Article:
US equities have enjoyed a ‘‘Trump bump’’ since the 45th president took office. The US dollar hasn’t. The dollar index, which tracks it against a basket of America’s trading partners’ currencies, has slipped by 4% since the beginning of the year, and lost 13% during 2017. It is close to a three-year low. To put the latest decline in context, however, it follows a 27% increase over three years.
So why the reversal? It’s partly momentum. The forex market is especially prone to the herd mentality, and traders are now eagerly clambering onto “the weak-dollar bandwagon”, say Roger Blitz and Philip Stafford in the Financial Times. Many traders were caught out by the initial decline from the early 2017 peak and are now all the more determined to ride the downtrend. US treasury secretary Steven Mnuchin provided another incentive to sell by saying a weak dollar helped the US.
Europe and Japan are doing better
As far as the fundamentals are concerned, a robust economy and the prospect of higher interest rates is normally good news for a currency: the yield on the assets denominated in that currency rise. That would imply a firm greenback, but this factor is being negated by a changing narrative. In the past few months it has become clear that Europe, Japan and emerging markets are looking stronger. As the US recovery took hold first, it is no longer news to the forex market. America “has gone from being the source of the best investment opportunities, to merely being one of many… destinations for capital”, Ryan Boyle of Northern Trust told Barron’s.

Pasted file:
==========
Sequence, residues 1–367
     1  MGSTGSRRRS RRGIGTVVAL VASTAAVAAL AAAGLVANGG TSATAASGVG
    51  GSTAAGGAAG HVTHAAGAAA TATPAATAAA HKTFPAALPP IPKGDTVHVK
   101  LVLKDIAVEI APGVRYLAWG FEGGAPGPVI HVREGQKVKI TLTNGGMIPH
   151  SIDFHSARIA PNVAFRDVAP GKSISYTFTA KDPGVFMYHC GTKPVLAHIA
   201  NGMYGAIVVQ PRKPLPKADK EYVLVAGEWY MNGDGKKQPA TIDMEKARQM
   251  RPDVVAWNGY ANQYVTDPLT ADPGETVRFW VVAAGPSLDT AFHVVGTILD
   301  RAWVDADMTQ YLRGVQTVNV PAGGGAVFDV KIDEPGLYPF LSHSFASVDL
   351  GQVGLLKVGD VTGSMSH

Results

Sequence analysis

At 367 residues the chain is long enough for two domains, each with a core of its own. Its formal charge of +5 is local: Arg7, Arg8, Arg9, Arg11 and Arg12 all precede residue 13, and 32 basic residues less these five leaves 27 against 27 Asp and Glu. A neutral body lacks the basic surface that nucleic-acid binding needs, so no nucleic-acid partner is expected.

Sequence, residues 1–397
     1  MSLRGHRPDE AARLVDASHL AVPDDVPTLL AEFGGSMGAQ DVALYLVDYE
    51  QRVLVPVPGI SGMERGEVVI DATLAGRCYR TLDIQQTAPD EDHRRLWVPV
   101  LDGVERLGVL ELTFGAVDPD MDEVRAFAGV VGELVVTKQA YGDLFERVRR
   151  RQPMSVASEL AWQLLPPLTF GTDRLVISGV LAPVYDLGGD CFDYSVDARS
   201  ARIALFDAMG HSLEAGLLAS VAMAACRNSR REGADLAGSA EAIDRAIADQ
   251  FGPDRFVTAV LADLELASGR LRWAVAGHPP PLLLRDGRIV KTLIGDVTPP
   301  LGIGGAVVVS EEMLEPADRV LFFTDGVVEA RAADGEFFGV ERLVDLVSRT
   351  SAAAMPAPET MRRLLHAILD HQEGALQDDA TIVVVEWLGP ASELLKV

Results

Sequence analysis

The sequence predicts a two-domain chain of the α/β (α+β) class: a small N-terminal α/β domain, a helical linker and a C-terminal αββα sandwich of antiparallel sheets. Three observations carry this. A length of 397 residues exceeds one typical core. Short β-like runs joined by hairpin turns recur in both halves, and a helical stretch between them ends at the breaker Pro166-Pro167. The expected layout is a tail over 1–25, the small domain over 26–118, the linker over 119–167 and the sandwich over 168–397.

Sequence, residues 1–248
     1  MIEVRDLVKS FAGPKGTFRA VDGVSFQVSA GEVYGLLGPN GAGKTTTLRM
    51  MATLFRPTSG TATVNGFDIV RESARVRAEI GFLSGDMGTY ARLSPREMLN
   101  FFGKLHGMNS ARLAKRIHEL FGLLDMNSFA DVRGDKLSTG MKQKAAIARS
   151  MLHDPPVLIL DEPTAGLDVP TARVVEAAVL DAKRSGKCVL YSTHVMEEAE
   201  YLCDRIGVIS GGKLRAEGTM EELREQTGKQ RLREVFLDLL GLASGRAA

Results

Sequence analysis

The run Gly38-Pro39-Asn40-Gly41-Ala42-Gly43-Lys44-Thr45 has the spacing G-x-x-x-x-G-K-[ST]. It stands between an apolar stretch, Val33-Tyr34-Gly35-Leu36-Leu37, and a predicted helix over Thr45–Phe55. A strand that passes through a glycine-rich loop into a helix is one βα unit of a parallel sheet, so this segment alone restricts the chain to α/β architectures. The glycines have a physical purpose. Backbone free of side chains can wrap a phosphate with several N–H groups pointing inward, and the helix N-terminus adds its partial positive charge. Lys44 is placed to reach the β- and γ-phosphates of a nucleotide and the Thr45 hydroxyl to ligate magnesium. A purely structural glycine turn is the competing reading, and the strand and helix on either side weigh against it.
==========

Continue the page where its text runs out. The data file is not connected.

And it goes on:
Another dollar-negative development is the prospect of a larger fiscal deficit on top of the trade deficit, meaning that America will rely more on foreign financing, says Buttonwood. It was the same story in the 1980s, but then rates rose sharply to get the money into the US. Now they are merely increasing in tiny increments. Then there’s Trump’s “erratic pronouncements”, which may be deterring foreign investment. A Pew survey last year revealed a “dramatic slump” in America’s image.
How the slump could end
One key factor is the extent to which US firms repatriate overseas profits, as the recent tax reform encourages them to do. David Woo of Bank of America Merrill Lynch reckons $300bn will flow back, enough to cover half the current-account deficit. An international crisis would send global investors back into the world’s reserve currency, but the most likely is a return of inflation, prompting faster interest-rate hikes by the US Federal Reserve than the market anticipates. That would also, of course, spell the end of the equity bull market.